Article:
09 October 2009

In two minds

I find myself in two minds about the declared intention of General Dannatt (recently departed head of the British army) to enter politics.

Put aside, for now, the fact that his chosen party is not one that I can support; in a democracy, that is neither here nor there. The general (pun unintentional) principle is what matters to me here.

It's probably a local principle, both spatially and temporally, rather than a universal one. There are societies where interpenetration of military and the civil body politic are the norm and, while I wouldn't choose any of them as a model, criticism of them is not my purpose here. More relevantly, the US regards military service as a definite electoral plus in a political CV. The US also offers in the person of Colin Powell a recent example of a general who, while part of a political party and an administration with which I could find no common ground, could teach most politicians much about honesty, dignity and integrity. European liberal democracies, however, differ in many significant ways from the US.

The European experience of soldiers in politics has not been a happy one. Within my lifetime, several of its constituent states have either experienced or feared military usurpation of civil power. Even in Britain itself, when I was in my twenties, the prospect of a "soft" military coup d'état was seriously discussed in some quarters.

The Britain of fifty to a hundred years ago was comfortable with leaders who came from military backgrounds. That was also a time when it was also comfortable with aristocratic influence on both military and government. The Britain of today is a very different place and, while I would be the first to admit that not all changes have been for the better, by and large I would not turn back the clock. One change has been an implicit, undeclared, and still shallow rooted, but tentatively real and strengthening, separation of army and state.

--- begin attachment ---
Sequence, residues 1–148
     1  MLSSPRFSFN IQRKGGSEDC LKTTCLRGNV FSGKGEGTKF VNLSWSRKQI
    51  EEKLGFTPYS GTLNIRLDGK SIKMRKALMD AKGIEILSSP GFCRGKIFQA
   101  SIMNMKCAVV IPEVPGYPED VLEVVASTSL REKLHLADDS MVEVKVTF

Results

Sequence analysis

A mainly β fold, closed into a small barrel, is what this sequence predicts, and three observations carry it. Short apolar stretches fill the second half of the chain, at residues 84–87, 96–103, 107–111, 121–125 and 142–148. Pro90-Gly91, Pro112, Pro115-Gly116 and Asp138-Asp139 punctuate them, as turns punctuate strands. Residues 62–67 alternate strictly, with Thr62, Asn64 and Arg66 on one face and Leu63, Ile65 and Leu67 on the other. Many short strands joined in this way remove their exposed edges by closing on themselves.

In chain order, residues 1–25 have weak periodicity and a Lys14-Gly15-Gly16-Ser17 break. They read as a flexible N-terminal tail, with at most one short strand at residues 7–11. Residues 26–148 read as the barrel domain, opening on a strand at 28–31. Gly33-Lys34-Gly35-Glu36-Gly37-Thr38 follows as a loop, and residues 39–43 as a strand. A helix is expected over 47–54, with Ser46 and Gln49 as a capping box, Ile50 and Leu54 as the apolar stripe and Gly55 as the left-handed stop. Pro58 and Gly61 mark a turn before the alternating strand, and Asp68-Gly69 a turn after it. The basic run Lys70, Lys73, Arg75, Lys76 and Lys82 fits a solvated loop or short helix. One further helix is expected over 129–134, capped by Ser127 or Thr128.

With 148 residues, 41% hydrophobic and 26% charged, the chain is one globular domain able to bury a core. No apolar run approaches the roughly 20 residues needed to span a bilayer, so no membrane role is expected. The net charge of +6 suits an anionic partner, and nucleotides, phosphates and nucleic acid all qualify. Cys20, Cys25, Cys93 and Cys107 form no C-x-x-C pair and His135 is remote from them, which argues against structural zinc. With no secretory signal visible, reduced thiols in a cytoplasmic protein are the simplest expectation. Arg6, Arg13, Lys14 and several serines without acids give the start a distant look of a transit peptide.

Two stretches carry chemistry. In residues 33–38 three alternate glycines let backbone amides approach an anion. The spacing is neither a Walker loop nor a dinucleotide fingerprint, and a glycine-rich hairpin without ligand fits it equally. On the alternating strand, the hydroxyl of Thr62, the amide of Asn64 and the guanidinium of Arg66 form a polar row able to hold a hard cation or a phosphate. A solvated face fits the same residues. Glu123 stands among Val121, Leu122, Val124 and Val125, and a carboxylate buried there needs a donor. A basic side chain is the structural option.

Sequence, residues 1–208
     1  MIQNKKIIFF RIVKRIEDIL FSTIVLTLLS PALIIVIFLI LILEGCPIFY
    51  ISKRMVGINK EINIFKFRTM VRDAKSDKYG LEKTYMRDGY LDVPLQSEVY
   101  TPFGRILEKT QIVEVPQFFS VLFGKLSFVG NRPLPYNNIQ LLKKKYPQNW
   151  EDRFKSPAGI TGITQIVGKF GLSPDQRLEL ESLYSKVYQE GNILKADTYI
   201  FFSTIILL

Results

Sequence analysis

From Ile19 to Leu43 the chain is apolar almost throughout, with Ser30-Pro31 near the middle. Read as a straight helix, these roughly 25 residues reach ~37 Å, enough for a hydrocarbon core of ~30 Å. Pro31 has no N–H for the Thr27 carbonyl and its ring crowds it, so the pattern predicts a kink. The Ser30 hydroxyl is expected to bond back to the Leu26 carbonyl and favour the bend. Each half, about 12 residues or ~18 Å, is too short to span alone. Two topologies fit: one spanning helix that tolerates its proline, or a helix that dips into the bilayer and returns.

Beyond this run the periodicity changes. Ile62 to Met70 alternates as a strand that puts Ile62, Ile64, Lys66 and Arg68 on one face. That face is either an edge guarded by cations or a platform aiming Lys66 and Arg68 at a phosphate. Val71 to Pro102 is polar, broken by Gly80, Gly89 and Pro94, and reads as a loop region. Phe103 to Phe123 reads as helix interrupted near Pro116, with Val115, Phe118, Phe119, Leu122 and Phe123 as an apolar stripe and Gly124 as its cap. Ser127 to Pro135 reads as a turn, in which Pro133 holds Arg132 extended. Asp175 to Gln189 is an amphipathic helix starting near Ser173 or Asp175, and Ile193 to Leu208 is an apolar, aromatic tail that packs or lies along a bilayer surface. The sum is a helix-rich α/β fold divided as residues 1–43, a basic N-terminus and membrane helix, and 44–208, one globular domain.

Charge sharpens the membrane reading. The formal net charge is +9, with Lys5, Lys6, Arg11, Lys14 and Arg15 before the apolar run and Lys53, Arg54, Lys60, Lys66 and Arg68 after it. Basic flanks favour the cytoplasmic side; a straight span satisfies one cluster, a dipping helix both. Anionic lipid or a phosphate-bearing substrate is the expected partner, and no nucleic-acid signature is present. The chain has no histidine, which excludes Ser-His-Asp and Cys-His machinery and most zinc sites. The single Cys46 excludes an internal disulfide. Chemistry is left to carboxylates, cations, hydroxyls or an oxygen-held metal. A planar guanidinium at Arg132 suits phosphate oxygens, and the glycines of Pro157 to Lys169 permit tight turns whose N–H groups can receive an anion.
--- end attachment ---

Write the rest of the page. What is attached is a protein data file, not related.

I do believe that General Dannatt has only the best and most honourable reasons for entering politics. He passionately and seriously believes that the way men and women under his command have been used in Afghanistan is insupportable. He equally believes that his responsibility to those men and women requires that he carry the argument on their behalf into the corridors of power where it stands a chance of being won. I respect him for that, sympathise with the drive, and applaud his determination to follow his conscience.

And he is not, for the moment at least, to be a politician himself; he is to be an advisor to one party. Nor is he the first to do so; though his decision to declare so soon after relinquishing such a senior position, at such an electorally emotive time, makes a big difference.

But the principle of separation seems to me, at this particular moment, the most important thing. Any appearance of linkage between military and party politics could undo thirty years of progress and undermine principles which Dannatt himself supports.


Ray Girvan said...

A counterexample in British politics would be Paddy Ashdown: he, though an ex-soldier, clearly wasn't bringing any military agenda to his role as an MP, nor wearing that background as a badge of prestige.

Felix said...

Agreed. Despite not actually liking Paddy Ashdown much, I think he is a first rate example of a politician for whom the military background presents his electorate with first rate value added.

I'm not sure that I would describe him as a counter example, though. Dannatt is deliberately presenting himself as entering politics (perceptionwise) as a soldier, and that makes him a very different case from Ashdown?